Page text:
Students who delay college enrollment are 64 percent less likely to complete a bachelor’s degree than peers who apply on time, and may even struggle with completing any kind of college credential. This is particularly concerning given new data from the National Student Clearinghouse (NSC), the most comprehensive source of national postsecondary outcomes data, which reports that far fewer graduates from the class of 2020 (22 percent) went to college immediately after high school this fall, and these declines were much steeper –– nearly double –– for graduates of low-income and urban high schools.
College juniors and seniors need help navigating the landscape of postsecondary study now more than ever. In an effort to help reach and assist students amid the disruption caused by the pandemic, and to further mitigate future classes from experiencing these inequitable outcomes, National College Attainment Network (NCAN), a grantee of Carnegie Corporation of New York, hosted a webinar exploring both the NSC’s enrollment research and NCAN’s findings on best practices to aid students who are most at risk of losing out on the opportunity to attend college.
During the webinar Is the High School to College Pipeline Broken? The Data Says Yes, Kim Cook, NCAN’s executive director, and Douglas Shapiro, the executive director of NSC’s Research Center, spoke with Stacy Lightfoot, vice president of Public Education Foundation-Chattanooga, and Catalina Cifuentes, executive director of Riverside County Office of Education, to find out how their districts were charting the way forward for students this spring and beyond.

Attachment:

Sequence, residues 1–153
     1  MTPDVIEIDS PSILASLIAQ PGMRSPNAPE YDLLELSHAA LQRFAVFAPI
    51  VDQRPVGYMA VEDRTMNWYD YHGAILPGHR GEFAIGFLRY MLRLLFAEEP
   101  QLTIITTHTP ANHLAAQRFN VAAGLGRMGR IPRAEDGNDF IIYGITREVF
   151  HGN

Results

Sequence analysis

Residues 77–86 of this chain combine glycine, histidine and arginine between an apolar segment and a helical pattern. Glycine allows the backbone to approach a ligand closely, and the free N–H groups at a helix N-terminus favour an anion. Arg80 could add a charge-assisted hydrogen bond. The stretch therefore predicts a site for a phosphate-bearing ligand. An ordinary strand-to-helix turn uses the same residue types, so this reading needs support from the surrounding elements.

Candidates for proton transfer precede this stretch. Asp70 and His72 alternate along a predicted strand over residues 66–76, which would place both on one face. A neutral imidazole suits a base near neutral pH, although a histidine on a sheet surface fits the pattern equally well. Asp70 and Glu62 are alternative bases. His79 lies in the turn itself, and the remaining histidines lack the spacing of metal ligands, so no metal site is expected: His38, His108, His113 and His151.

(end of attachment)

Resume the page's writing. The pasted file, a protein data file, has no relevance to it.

Both Lightfoot and Cifuentes emphasized the need for “old school” reengagement strategies that involve finding mentors and advisors who have the time to call students and talk to them about their personal college enrollment process. In a summary of the full NSC report, NCAN advises “more postsecondary on-ramps,” like increasing support for college and career readiness programming, such as AmeriCorps. There must also be a continued focus on postsecondary affordability, as well as top down maintenance of “communications avenues,” such as keeping student email addresses and phone numbers updated, as the year progresses.
Postsecondary support for every child, regardless of their circumstances, continues to be a prime focus of Carnegie Corporation of New York. To that end, the Corporation recently published Reimagining College and Career Transitions under COVID-19, a vision paper on how philanthropy can work to expand the range of options for postsecondary students and drive larger-scale systems change over the next few years.